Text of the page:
Occupational health and safety professionals will be able to:

  • Complete structures that are safe and free of health hazards by consulting with architects, contractors, owners, and users during design and construction
  • Identify design features that provide solutions for the unique health and safety hazards associated with laboratories used for different functions
  • Become familiar with CFD and how it is used in laboratory design
  • Provide detailed specifications regarding laboratory support facilities for hazardous waste storage, packaging, and shipping
  • Identify the unique needs of specific types of laboratories such as biosafety, chemistry, microelectronics, animal facilities, and engineering
  • Understand the perspectives and constraints of architects and engineers, and the need to communicate with them from the earliest stages of the project through completion

Learn practical and cost-effective solutions to renovation and reconstruction issues including:

  • Green design and construction
  • Decontamination of an existing facility
  • Special health and safety precautions in partially occupied buildings undergoing renovation
  • Adding energy conservation features
  • Case studies of successful reconstructions and details of decisions not to reconstruct will also be presented
  • Laboratory ventilation including fume hoods and other exhaust requirements
  • Safety design features including fire protection, electrical systems, emergency equipment and controls, and chemical storage

Credits, Fees, and Logistics

Please note: a laptop or other portable personal computing device is strongly recommended for course enrollees.


Inn At Longwood
342 Longwood Avenue
Boston, MA 02115
$229/night plus 14.45 percent tax, includes internet, 15% coupon for The Longwood Grill

To book online: click here

A limited number of rooms have been reserved at a reduced rate until May 11, 2017. These rooms are available on a first-come, first-serve basis. Please be advised that hotels in the Boston area can sell out very quickly. We recommend making your hotel reservation as soon as you receive registration confirmation. Please mention HSPH0610 and Harvard T.H. Chan School of Public Health to receive the special rate. The hotel is a five minute walk to the school.

Program Check-in

Harvard T.H. Chan School of Public Health
FXB Building
651 Huntington Avenue
Boston, MA 02115

The program takes place at the Harvard T.H. Chan School of Public Health, located in the heart of the Harvard Longwood Campus in Boston. Public transportation is also readily available to the city’s many shopping districts, museums, and restaurants.

For directions, please click here.

Continuing Education Credit

This program is accredited by Harvard T.H. Chan School of Public Health and offers Continuing Education Units (CEUs)*, Harvard T.H. Chan School of Public Health, equivalent to contact hours of education.

*Participants can apply these contact hours toward other professional education credits.  Some of which include CSP, CHMM, NRRPT, etc.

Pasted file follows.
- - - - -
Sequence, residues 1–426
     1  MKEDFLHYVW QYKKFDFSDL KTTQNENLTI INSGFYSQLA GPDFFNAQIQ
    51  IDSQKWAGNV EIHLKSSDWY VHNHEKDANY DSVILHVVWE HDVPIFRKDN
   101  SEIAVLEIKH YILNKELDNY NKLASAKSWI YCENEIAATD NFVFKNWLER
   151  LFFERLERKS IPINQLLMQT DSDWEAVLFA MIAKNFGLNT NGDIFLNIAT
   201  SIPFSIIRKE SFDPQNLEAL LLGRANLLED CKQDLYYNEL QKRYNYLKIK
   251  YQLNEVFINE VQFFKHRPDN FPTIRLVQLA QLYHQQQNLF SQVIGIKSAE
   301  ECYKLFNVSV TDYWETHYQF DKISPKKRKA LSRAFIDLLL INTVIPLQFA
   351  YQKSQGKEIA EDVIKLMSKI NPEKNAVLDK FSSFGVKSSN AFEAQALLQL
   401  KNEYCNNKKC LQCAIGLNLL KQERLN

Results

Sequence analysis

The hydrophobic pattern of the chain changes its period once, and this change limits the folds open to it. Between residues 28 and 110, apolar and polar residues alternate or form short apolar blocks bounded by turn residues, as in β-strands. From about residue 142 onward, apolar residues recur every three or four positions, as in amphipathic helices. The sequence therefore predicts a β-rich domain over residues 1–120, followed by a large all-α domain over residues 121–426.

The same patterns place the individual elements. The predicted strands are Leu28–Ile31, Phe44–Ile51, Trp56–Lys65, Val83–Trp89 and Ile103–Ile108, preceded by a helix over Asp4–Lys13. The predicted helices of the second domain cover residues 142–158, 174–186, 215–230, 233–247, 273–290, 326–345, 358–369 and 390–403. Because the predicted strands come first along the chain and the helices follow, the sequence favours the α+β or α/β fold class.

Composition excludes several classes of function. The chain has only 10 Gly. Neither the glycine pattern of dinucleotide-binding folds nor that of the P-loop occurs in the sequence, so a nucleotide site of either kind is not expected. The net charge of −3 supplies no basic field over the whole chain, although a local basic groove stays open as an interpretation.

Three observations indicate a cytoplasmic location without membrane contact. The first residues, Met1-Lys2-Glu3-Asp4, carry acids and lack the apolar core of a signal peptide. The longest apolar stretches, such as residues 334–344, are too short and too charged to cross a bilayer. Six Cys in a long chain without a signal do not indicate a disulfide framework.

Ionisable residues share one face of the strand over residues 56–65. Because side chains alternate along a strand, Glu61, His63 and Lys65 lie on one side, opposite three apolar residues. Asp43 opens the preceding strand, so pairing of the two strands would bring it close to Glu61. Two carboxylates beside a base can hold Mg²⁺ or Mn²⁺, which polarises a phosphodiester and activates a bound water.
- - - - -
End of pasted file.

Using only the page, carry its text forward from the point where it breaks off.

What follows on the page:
The American Academy of Health Physics will grant Continuing Education Credits for completion of this course.

ABIH has previously awarded CM credit for this program.  The current program can be claimed for CM credits.

The Harvard T.H. Chan School of Public Health is a registered provider with the American Institute of Architects Continuing Education Systems. This program has been designated for LU Hours OR HSW/LU Hours.* In order to receive credit, participants must attend all sessions.

(*Depending on whether it is a basic AIA/LU course or an HSW (Health, Safety, and Welfare) course.)

All credit counts are subject to final agenda. ERC shield

The Harvard T.H. Chan School of Public Health has an Education and Research Center (ERC) funded by the National Institute for Occupational Safety and Health (NIOSH).

What is Included in the Fee?

  • Continental breakfasts, lunches, and refreshment breaks
  • Guided laboratory tours
  • Comprehensive take-home reference materials
  • Continuing education credits
  • Harvard T.H. Chan School of Public Health certificate of participation


Current faculty, subject to change.

Janet S. Baum

Program Director

Executive and Continuing Professional Education
Harvard. T. H. Chan School of Public Health

Louis J. DiBerardinis, MS, CIH, CSP

Program Director

Instructor in Industrial Hygiene
Department of Environmental Health
Harvard T.H. Chan School of Public Health
Environment, Health and Safety
Massachusetts Institute of Technology
Adjunct Professor
Department of Work Environment
University of Massachusetts Lowell

Jack T. Dennerlein, PhD


Northeastern University
Adjunct Professor of Ergonomics and Safety
Department of Environmental Health
Harvard T.H. Chan School of Public Health

Quentin Carl Gilly, MS


Senior Coordinator
Harvard University

Malcolm Hathaway


Senior Engineer
Harvard University